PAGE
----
A Reading Changeup: W. P. Kinsella and the Baseball Story

I have been reading a lot of Stephen King lately, and I’m ready for something else. Don’t take this as me getting tired of King. I’ve grown to love his style and the depth of his story telling expertise. But pushing through nearly all of the Dark Tower series has me ready for a change. I’ve been flip-flopping on what to read over the last week or so, and I’ve finally settled on something that I’m excited about:

W. P. Kinsella and his baseball stories.

For those who are unfamiliar with the author, Kinsella is perhaps most famous for his novelĀ Shoeless Joe, which was the basis for the filmĀ Field of Dreams starring Kevin Costner. It is a book that I’ve read before, but it is also one of those books that is on my short list of all-time favorites. I’m looking forward to reading it again.

Shoeless Joe

As it turns out, Kinsella has written lots of baseball stories and novels, many of which I’ve read, some of which I haven’t. Of the ones that I have ready, all of them are worth re-reading, and that is what I plan to do over the next couple of weeks. There are at least two Kinsella baseball novels that I haven’t read and I plan on getting through both of those as well. The only exceptions in the mix for the next few weeks are the books that I am currently reading for my book review column.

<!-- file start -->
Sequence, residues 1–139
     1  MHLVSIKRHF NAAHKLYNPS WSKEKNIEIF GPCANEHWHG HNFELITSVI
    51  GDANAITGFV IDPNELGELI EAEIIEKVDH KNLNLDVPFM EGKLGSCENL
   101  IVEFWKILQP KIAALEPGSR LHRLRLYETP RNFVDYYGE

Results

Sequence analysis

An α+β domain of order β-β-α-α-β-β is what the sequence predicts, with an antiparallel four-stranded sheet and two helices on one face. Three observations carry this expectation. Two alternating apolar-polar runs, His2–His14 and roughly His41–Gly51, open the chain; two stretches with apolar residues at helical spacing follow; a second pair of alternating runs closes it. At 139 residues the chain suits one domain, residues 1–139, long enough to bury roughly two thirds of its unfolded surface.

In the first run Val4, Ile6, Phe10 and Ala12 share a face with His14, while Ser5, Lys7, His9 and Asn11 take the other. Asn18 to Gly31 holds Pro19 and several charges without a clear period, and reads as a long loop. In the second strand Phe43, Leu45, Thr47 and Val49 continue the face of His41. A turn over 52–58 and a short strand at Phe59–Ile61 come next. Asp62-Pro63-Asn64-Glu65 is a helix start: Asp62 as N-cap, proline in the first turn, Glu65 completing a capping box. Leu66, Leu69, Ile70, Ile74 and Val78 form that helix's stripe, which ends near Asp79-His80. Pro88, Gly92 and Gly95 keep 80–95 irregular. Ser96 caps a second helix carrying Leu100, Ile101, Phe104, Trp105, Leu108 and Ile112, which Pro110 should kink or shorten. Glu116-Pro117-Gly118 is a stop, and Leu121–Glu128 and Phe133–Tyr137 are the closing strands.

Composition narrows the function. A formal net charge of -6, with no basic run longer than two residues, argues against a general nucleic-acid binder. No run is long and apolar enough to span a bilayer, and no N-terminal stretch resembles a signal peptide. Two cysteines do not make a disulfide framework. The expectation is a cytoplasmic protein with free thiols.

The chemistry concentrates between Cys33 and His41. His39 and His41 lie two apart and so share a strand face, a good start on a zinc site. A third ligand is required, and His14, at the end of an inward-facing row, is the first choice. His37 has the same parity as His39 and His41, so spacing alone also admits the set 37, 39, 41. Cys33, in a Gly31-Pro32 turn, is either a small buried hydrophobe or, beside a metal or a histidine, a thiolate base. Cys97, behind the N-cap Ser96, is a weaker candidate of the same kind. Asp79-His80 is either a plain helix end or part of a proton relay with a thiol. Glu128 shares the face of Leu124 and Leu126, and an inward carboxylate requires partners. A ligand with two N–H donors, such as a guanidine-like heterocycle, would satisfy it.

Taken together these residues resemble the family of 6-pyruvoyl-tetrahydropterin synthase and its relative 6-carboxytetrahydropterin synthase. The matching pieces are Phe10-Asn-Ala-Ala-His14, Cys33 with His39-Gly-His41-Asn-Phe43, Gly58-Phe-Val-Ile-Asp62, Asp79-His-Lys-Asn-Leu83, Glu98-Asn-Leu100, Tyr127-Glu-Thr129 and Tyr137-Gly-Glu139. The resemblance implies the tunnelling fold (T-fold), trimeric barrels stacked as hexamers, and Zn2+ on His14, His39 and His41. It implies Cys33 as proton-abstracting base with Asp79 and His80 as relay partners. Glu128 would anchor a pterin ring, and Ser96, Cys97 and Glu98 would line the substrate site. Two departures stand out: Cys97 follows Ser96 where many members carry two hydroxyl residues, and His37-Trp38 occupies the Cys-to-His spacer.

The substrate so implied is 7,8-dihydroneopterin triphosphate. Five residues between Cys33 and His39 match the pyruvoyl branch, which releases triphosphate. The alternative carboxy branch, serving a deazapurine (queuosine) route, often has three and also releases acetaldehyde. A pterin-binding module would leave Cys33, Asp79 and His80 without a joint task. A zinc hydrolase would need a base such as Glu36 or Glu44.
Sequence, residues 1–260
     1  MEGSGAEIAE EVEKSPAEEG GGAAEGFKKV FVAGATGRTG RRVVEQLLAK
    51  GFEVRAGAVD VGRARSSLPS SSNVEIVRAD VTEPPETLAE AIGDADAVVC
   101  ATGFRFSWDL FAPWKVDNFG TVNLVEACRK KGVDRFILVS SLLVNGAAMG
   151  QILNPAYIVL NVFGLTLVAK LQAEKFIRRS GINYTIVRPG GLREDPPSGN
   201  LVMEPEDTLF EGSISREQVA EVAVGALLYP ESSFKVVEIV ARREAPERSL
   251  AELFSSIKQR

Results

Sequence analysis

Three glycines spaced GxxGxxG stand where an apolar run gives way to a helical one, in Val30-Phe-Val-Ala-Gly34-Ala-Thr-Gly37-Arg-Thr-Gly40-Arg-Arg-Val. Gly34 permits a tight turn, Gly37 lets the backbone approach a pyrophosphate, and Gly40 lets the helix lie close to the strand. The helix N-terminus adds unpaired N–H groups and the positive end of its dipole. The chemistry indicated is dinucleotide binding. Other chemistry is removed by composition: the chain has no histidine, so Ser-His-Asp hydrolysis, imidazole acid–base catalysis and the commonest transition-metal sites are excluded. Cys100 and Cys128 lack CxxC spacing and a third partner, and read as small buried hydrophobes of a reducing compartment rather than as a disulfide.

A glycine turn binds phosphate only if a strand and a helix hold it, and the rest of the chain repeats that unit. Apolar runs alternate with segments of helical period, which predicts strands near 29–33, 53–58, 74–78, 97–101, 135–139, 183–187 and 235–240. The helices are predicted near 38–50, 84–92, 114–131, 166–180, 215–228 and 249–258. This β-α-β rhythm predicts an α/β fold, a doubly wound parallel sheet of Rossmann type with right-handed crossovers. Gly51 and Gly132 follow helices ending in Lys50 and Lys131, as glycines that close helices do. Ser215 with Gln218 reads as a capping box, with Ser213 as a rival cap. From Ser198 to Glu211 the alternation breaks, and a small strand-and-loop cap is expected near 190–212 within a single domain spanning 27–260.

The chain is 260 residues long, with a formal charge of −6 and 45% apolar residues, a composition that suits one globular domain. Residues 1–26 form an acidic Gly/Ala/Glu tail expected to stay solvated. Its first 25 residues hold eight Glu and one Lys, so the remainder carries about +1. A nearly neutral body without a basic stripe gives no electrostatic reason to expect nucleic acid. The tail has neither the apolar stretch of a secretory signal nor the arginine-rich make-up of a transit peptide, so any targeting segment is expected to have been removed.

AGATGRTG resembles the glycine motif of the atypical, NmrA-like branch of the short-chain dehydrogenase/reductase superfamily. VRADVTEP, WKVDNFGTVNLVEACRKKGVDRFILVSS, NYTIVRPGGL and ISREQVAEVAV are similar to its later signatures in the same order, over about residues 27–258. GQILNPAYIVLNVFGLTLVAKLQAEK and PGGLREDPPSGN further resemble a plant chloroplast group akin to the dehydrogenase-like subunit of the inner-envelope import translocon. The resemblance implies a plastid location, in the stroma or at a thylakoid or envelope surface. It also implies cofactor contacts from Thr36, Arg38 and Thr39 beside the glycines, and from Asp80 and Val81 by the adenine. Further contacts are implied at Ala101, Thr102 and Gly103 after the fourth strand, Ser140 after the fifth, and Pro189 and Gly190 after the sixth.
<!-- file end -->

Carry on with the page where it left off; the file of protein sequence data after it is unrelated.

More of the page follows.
For those curious, here are the Kinsella books I plan on reading (or re-reading) over the next couple of weeks. The are listed in no particular order. Books with a * after them are books that I have not read before.

  • Shoeless Joe (novel)
  • The Iowa Baseball Confederacy (novel)
  • If Wishes Were Horses* (novel)
  • The Adventures of Slugger McBatt* (collection)
  • Magic Time (novel)
  • Box Socials (novel)
  • The Dixon Cornbelt League* (collection)
  • The Thrill of the Grass (collection)
  • Butterfly Winter *(novel)

The books that I have read, I last read more than a dozen years ago, and I’m looking forward to rediscovering them. I remember Kinsella writing about baseball the way Ray Bradbury wrote about Green Town, with nostalgia, humor, and deep emotion. I’m really looking forward to getting started.

Then, too, I’ve been so busy with everything else this year that, although August is already waning, I still have not seen a baseball game this year, either on TV or at the stadium. I miss it. The great thing about Kinsella’s books is that they are about mythical baseball, and are not steeped with the lingering controversy in which baseball still finds itself mired. In any case, these books should be a nice close to my summer reading and a good lead in to the Fall Classic.

What are you reading this summer?